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IT

What Will Happen in IT in 2007? 318

An anonymous reader writes "ZDNet's Paul Murphy has set out his IT predictions for 2007. Featured among the completely predictable, OpenSolaris overtaking Linux is apparently inevitable within one year. From the article: 'By the end of the year the OpenSolaris community will be widely recognized as larger and more active than the Linux community.' Is 2007 the year of the OpenSolaris desktop? Other 'inevitables' include Microsoft's success with Vista, the continuing phase-out of Itanium, and the Cell processor powering most of the world's super-computers."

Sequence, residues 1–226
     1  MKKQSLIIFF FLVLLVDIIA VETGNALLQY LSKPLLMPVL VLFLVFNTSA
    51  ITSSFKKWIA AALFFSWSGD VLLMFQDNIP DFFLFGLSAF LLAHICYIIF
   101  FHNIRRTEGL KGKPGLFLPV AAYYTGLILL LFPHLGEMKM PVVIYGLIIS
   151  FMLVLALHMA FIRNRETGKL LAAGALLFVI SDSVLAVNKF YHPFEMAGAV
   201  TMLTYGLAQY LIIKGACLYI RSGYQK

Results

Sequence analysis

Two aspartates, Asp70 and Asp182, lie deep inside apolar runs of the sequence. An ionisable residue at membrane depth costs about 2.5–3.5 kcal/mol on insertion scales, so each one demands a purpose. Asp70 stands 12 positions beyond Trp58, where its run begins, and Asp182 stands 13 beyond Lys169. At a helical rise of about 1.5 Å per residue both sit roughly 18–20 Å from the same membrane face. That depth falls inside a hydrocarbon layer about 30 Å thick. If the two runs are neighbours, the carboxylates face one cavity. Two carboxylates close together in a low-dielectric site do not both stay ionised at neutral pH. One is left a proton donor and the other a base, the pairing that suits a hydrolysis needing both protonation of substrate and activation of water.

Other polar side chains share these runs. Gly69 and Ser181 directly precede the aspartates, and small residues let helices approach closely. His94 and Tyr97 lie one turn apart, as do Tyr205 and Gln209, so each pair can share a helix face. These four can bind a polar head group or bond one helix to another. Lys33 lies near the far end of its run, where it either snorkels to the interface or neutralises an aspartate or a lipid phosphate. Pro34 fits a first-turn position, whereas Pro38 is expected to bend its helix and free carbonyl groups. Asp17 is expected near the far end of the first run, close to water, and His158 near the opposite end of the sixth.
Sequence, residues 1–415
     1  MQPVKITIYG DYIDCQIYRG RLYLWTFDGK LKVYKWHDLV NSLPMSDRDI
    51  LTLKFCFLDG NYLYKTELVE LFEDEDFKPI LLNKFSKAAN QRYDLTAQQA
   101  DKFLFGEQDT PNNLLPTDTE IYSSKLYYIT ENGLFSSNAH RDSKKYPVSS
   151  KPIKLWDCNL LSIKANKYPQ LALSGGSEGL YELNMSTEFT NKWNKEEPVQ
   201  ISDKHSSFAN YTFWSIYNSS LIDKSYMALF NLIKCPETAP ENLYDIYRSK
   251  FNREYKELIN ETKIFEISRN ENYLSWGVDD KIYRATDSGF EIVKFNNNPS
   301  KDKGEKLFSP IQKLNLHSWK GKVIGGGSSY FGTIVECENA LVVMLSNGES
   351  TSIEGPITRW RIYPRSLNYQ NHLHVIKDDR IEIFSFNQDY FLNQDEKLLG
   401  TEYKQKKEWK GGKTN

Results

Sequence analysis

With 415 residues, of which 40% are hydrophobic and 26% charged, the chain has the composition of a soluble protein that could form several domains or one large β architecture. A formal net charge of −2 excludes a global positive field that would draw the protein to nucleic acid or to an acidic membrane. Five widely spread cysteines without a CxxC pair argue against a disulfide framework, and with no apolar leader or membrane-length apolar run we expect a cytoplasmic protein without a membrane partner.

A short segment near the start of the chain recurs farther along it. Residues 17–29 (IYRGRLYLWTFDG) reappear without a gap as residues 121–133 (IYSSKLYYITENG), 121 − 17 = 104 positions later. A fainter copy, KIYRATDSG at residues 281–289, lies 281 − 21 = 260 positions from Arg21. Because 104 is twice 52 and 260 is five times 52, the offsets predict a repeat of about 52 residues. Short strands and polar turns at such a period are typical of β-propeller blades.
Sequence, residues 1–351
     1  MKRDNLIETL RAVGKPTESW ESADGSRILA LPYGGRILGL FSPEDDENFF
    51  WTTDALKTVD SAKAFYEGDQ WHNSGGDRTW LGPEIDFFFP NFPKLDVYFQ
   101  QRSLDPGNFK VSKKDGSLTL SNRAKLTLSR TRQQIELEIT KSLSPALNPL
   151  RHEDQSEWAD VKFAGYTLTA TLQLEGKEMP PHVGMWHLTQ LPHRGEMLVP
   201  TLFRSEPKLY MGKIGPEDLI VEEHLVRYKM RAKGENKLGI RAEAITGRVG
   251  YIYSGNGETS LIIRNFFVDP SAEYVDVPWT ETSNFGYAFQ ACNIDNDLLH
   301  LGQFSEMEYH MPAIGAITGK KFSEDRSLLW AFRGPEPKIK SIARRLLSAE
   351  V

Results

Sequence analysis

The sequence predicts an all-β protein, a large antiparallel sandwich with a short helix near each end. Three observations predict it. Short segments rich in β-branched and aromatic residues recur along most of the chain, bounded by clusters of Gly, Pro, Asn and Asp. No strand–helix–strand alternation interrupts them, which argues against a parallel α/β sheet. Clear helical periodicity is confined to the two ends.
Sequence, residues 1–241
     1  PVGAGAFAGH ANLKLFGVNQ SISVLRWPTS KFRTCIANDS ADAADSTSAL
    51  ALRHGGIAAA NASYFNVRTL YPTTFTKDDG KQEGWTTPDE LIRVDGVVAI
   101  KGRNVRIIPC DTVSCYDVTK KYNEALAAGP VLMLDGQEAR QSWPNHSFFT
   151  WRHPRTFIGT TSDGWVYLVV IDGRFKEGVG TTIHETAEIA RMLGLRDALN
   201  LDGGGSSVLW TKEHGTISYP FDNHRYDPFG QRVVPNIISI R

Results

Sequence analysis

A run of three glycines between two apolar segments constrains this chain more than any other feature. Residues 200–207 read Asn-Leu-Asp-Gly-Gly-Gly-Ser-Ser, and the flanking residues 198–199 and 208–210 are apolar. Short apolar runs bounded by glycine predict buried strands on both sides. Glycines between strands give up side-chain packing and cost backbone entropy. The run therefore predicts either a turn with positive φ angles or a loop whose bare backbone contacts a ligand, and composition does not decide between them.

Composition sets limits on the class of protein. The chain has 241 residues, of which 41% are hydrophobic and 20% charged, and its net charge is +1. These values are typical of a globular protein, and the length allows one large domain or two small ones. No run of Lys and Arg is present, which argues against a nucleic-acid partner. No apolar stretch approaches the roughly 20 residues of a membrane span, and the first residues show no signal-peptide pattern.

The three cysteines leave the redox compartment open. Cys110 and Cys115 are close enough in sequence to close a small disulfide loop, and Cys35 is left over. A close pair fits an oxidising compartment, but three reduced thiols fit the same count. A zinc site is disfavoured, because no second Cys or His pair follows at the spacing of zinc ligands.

Security

Detecting Rootkits In GNU/Linux 142

An anonymous reader sends note of a blog post on rootkit detection in GNU/Linux. The article mentions only two utilities for ferreting out rootkits — the first comment to the blog post lists three additional ones — but it could be useful for those who haven't thought about the problem much. From the article: "A rootkit... is a collection of tools that a cracker installs on a victim's computer after gaining initial access. It generally consists of log cleaning scripts and trojaned replacements of core system utilities such as ps, top, ifconfig and so on."
Microsoft

Microsoft Looking to Run Windows on OLPC 392

pete314 writes "Microsoft has been provided with a number of test models of Nicholas Negroponte's One Laptop per Child computers and is trying to get Windows installed on them. The current design runs a custom version of Red Hat's Fedora Linux. Running Windows will take quite a bit of additional memory: the OLPC has 512Mb of Flash, where XP requires a minimum of 1.5Gb storage."

Mystery of Ancient Calculator Finally Cracked 241